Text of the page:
Caitlyn Jenner will be joined by entire family (minus Kris Jenner) at ESPY …

15 Jul 2015 | Author: | No comments yet »

Caitlyn Jenner Plays Tennis, Gets Glam and Basks in the Sun in New I Am Cait Teaser: Watch Now!.

In fact, she has compiled so many memorable, incomparable moments since beginning to live life full-time as a woman, it’s been difficult to single out one as more momentous than another!The celebrity-driven worlds of entertainment and sports are set to collide Wednesday at L.A Live’s Microsoft Theater for the annual ESPY Awards, which honor the year’s top sports moments and achievements.One late afternoon at Comic-Con, as fans gathered for glimpses of Teen Wolves and Sailor Moons and began unfurling their sleeping bags in line for Star Wars, seven comics creators gathered in a corner of the San Diego Convention Center to discuss one of the more complex niches growing in geek culture: Transgender comics. “We are magical creatures,” said Calogrenant creator Gillian Cameron, sending a ripple of laughter through the room. “We scare the hell out of people because we play havoc with their sense of reality.” With shows like Orange is the New Black and Transparent blowing up the small screen and high profile trans celebrities like Caitlyn Jenner putting the trans movement front and center on magazine covers and talk shows, the A-list trans figures tend to dominate the mainstream pop culture conversation.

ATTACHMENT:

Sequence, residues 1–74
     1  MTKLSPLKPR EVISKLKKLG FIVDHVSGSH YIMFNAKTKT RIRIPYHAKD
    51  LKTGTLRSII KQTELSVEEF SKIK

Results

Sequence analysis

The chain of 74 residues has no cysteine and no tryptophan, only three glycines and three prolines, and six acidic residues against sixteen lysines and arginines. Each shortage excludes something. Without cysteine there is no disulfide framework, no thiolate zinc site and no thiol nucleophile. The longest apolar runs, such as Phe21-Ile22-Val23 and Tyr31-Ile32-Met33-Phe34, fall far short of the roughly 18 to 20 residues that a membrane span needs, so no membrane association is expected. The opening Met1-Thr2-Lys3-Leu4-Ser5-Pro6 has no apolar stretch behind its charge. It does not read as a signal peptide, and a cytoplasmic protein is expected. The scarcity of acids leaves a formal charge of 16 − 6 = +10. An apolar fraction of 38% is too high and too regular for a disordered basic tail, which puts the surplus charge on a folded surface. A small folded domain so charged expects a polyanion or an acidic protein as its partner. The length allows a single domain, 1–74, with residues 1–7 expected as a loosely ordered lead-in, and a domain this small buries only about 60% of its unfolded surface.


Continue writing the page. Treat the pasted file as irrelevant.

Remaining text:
The show, which will air on ABC, could almost give itself an award now for the cultural moment ahead — the first major public appearance by Caitlyn Jenner, formerly Bruce Jenner, the Olympic gold medal winner and reality star of “Keeping Up With the Kardashians.” Jenner is to receive the Arthur Ashe Award for Courage, so named for the universally admired tennis player who died in 1993 and was famous for his steely determination and sense of personal dignity. She’s playing tennis (“now I know why girls need a sports bra!”), meeting with school teachers as part of her efforts to help educate about the transgender community, hugging her family and sharing a wonderfully touching conversation with her 89-year-old mother, Esther Jenner.